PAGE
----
You may be surprised to learn that China is not the only country that celebrates Chinese New Year. Spring Festival celebrations occur in dozens of countries across the globe, with more than 2 billion people participating. Countries such as Indonesia, Malaysia and the Philippines have huge celebrations, and smaller communities in Chinatowns around the world gather to hold events, parades, and firework shows. Public holidays lasting from one to four days are common throughout Asia, with celebrations extending  for a week in Vietnam. Hong Kong is well known for its Spring Festival celebrations, as the area hosts a major horse racing festival at this time. Events also include fireworks, theatrical shows, as large displays of flowers. Western cities also hold their own Chinese New Year festivals. Most notably is the celebration in London, which sees more than half a million people taking part in organized events. 

Interested in participating in Chinese New Year Events in Boston?? From now until January 27th, The China Trade Building in Boston's Chinatown is hosting a Chinese New Year Pop-Up Flower Marketselling flowers from local businesses in celebration of the New Year. On February 12th, Chinatown will host the Chinese New Year Parade and China Cultural Village, featuring classic elements of Chinese New Year celebrations, such as music, lion dancers, fireworks, and of course delicious food! 

Check out our Facebook Page for more info about Lunar New Year Events and other exciting things happening in Boston! 


Sources: The Mirror, Quartz, KInternational, CNN

Holiday Activities Yule Love!

Global Immersions Recruiting - Wednesday, November 30, 2016

Its December already!? Crazy, I know.  November really flew by and now it's beginning to look a lot like Christmas (for real - it snowed this morning.) Once you get past the cold, Boston is a great place to be during the winter. With tree lightings, and carolers, outdoor skating rinks and pop-up markets, the city has so many different winter activities to help you celebrate the holiday season with your international visitor! If your'e getting tired of listening to 106.7's nonstop Christmas music, here are some other festive ways to have a happy holiday!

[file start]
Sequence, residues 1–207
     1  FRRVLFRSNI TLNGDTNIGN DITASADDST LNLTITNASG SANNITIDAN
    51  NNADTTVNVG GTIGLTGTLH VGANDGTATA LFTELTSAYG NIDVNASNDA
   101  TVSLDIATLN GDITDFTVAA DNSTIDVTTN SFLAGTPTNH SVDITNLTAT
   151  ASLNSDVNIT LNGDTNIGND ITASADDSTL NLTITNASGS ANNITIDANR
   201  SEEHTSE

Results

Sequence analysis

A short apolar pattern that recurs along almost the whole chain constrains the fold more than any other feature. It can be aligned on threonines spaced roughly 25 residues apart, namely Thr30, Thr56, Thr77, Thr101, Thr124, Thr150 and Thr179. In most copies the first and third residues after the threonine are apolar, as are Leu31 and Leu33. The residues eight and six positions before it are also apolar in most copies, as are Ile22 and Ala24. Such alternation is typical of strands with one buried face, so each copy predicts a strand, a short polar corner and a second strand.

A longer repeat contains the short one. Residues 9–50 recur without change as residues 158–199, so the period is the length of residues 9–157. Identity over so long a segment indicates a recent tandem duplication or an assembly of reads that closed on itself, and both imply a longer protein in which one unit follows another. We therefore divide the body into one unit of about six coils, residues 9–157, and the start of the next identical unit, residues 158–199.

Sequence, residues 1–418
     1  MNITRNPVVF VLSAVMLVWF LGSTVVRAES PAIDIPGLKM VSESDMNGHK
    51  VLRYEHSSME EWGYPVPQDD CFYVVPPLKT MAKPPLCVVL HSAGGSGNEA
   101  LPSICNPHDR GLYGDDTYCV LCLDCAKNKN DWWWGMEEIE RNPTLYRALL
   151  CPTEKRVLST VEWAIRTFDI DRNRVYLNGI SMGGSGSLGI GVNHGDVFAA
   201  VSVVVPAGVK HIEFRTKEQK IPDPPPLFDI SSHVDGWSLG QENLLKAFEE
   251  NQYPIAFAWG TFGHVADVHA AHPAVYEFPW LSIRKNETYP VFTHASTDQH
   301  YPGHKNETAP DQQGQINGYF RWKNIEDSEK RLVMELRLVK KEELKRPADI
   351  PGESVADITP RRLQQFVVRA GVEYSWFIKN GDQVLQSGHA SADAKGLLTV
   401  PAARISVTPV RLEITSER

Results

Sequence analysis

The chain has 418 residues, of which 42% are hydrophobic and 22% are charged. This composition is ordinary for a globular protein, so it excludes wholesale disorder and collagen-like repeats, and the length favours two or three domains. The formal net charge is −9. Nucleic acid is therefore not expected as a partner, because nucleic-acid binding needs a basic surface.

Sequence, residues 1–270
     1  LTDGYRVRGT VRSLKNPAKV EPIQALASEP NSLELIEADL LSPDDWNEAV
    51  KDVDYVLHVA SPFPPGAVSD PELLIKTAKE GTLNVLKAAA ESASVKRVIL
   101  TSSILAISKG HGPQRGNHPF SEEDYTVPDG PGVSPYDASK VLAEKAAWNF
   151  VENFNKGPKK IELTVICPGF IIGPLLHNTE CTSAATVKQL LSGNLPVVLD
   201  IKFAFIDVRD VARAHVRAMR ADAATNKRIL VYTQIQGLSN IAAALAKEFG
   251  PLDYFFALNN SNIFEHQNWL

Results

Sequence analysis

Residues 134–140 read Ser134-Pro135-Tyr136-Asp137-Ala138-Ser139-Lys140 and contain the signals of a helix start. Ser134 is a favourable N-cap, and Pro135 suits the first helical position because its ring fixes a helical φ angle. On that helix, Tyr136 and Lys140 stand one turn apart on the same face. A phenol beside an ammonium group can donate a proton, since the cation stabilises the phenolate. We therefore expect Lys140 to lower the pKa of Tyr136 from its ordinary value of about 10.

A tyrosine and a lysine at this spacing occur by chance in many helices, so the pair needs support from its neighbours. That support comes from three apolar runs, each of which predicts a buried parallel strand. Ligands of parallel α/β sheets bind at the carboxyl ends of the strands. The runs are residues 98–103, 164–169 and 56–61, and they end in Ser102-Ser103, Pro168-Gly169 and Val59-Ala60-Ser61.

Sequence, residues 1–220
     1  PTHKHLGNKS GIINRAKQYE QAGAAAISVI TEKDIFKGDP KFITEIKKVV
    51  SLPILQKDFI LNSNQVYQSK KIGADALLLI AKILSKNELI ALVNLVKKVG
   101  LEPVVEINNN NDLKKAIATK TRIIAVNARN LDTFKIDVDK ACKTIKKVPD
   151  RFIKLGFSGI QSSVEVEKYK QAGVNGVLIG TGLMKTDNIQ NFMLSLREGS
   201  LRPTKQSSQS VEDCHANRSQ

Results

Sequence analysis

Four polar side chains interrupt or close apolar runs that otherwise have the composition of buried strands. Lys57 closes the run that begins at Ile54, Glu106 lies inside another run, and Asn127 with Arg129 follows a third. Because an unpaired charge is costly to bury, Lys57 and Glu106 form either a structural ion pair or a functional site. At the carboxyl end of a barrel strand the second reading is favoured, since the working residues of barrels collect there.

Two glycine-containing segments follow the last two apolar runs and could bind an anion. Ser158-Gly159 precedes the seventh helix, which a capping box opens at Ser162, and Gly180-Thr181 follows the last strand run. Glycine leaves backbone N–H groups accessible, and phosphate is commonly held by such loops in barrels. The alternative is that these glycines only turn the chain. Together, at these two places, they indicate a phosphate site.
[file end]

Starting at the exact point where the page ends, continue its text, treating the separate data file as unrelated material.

(GI host mother and her students looking at holiday lights in Saugus, MA!)

Get in the holiday spirit by taking your visitor to see amazing holiday lights! Tour your own neighborhood or explore the light displays in other areas of greater Boston. Don't know where to go?? This article can help. Check out the places with the best Christmas lights in Boston. Take a trip by car or bond with your visitor during an outdoor stroll. If you would prefer to travel by train, you can do that too! The Somerville Arts Council's Illuminations Tour will take you through the illuminated streets of Somerville via trolley. 


(One of our students decorating her host family's Christmas Tree last year!)

After, take some inspiration from those neighborhoods and decorate your own home! Ask your visitor to help you place holiday decorations inside and outside your house. If you celebrate Christmas, involve your student in hanging Christmas ornaments and lights or even picking out the Christmas Tree. Designate a special ornament for your student (craft or buy one together!) - your visitor will feel like a welcomed part of the family and you will have a memento of the holiday you shared! 


(GI students and their host family building a gingerbread house!)

Speaking of crafts...a fun at home activity is decorating a gingerbread house! If you don't think you have the culinary skills to make one from scratch easy kits can be found in your local grocery store this season. You and your visitor will enjoy assembling and decorating the gingerbread house together and you'll especially love eating it after :)

(Japanese TALK students posing with their gifts and Santa Claus!)

Take your visitor holiday shopping with you! Let them help you pick out gifts for your family and see if they want to get a present for their friend at school or family at home. A festive place for a shopping outing is a Holiday Market. Throughout the Christmas season, Boston offers a variety of holiday stores and pop-up markets for all your gift giving needs! Check out the Holiday Market in Downtown CrossingThe Harvard Square Holiday Fair, The Holiday Shopping Village at City Hall Plaza, or The Christmas in Boston store at Faneuil Hall Marketplace. 

Don't forget about New Year's Eve! Holiday celebrations don't stop after December 25th. Ring in the new year by watching Boston's NYE fireworks display over Boston Harbor. The show begins at midnight on January first, but First Night festivities begin long before that. Bring your visitor to enjoy parades, ice sculptures, music, and dancing on the last day of 2016! 

The Coolest Hot Chocolate In The City

Global Immersions Recruiting - Tuesday, November 29, 2016

It might not (technically) be winter, but I think you'll agree that it sure does feel like it. It hasn't snowed (yet), but I've already started bundling up on my way to work. One good thing about cold weather is that its a great time to drink hot chocolate! Here are some of the best places around Boston where you can find a gourmet cup of hot cocoa...because sometimes Swiss Miss just isn't enough.